The best place to start in preparing your neighborhood for disaster is with (you guessed it!) your neighbor. Enlist two or three neighbors as you begin to help shape some goals and plans for a first meeting with the whole neighborhood. Preparedness works when many neighbors embrace it as their duty and accept ownership in the project. Don’t try to do all the work by yourself – remember that a leader’s job is to excite others with the vision of what is possible. As in most things in life, organizing your neighborhood this way requires a champion.
During this stage of preparation remember KISS: Keep It Simple! You aren’t trying to become FEMA (good thing there). You, and people you know, are looking to make some simple plans all are agreed on in case of the worst.
Another thing to do before your first meeting is to determine what constitutes your neighborhood. This sounds elementary but it is essential. After Katrina, our disaster response team headed into Mississippi only to encounter more than one turf war between local officials. The same can happen to a lesser degree in a single subdivision. Believe it or not, one woman in Pensacola threatened to shoot us if we crossed her property as we sought to find a way to remove a tree trapping her elderly neighbor in his home. Had there been some association of people that lived right around her, she might have responded with less fear to people she didn’t know. If you live in a subdivision or group of homes with a community covenant, you need to be aware of existing structures already in place. The goal is to work with each other before a disaster so, should one come, you can work together during that event.
Once You Meet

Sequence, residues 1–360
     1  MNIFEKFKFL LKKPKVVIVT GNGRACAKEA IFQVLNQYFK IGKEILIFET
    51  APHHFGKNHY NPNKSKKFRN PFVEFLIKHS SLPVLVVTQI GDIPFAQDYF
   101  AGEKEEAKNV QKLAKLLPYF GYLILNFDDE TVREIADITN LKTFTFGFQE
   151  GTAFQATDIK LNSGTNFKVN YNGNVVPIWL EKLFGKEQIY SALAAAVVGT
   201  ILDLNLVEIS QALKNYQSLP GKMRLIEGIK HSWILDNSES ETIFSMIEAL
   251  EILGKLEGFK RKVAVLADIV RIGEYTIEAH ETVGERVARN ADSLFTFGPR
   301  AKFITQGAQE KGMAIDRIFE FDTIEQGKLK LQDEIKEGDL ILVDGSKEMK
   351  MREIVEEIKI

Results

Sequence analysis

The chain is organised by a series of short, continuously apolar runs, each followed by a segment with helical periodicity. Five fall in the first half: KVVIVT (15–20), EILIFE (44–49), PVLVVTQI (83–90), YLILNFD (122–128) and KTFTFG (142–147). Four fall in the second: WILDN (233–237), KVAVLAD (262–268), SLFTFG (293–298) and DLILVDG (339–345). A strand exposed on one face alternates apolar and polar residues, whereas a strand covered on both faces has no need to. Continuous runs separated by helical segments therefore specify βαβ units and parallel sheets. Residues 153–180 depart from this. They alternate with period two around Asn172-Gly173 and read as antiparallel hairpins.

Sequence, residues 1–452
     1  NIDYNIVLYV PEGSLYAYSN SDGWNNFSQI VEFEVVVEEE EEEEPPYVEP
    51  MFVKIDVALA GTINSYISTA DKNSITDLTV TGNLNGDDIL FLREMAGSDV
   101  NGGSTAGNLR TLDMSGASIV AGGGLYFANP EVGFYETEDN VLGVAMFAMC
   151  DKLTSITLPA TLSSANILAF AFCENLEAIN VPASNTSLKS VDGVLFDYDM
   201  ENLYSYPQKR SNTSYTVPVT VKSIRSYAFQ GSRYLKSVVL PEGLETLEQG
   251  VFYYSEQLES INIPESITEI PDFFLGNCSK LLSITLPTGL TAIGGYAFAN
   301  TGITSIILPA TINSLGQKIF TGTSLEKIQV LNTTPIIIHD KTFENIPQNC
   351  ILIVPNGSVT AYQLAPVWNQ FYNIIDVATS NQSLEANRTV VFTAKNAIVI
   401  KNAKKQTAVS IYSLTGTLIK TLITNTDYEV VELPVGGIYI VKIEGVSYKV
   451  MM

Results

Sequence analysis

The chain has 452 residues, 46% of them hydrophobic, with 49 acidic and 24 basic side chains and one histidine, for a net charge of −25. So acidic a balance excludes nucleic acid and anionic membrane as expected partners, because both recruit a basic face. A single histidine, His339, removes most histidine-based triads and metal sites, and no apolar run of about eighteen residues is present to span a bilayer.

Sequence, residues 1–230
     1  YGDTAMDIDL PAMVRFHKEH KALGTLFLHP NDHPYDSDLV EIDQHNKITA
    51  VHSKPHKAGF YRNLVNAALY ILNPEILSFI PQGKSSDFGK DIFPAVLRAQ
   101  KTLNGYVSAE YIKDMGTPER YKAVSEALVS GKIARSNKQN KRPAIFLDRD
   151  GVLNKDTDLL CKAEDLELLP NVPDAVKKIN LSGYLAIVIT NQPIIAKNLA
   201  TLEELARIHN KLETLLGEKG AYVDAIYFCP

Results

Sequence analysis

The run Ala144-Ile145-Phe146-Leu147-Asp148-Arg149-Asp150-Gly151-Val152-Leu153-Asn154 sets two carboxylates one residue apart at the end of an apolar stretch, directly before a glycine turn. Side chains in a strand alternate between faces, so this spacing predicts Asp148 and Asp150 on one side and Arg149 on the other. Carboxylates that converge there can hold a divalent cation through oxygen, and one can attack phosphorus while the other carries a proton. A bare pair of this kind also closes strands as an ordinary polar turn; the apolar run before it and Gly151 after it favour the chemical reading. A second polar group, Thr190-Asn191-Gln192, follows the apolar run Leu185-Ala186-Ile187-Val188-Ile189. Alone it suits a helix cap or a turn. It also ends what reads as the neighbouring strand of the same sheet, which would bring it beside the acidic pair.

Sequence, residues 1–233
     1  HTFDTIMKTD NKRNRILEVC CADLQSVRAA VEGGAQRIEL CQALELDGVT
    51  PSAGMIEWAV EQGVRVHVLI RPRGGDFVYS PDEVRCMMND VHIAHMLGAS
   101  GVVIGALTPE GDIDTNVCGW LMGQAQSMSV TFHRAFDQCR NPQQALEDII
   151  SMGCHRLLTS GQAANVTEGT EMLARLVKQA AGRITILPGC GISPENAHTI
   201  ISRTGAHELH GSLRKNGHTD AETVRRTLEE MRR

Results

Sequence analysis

I don’t know about you, but meetings rank right up there with having a root canal. Most people you know feel the same way. If some of them love meetings, don’t put them in charge! What people need are the basics. Two lists should be gone over and people understand their duties in the event of a disaster.
Checklist for Household Preparedness
- A personal household plan
- Neighborhood disaster training completed (first aid/rescue)
- Supplies in place (home and car)
- Meet-up location for extended family members
Checklist for Neighborhood Preparedness
- A connection to a Community Disaster Council or formation of a Neighborhood Disaster Committee.
- One Neighborhood Coordinator and at least one Neighborhood Liaison
- Volunteers for: First Aid, Medical, Stress Managers, Search and Rescue, Safety and Utilities, Care of People with Special Needs, Shelter & Feeding, and Communications
- Neighborhood disaster training completed (first aid/rescue).
Nothing can fully prepare one for the first few hours and days after a catastrophic event, but you can certainly lessen the impact by having an agreed upon plan. In our neighborhood, I know exactly who I would check on first, who has equipment that would be of help in rescue, and where my wife and I would be should we sit out the next hurricane. How ready is your neighborhood?
Other articles in this issue:
- Urban Gardening: Indoor and Balcony Gardening Tips 
- The Need for a Paper Library 
- Urban Chickens!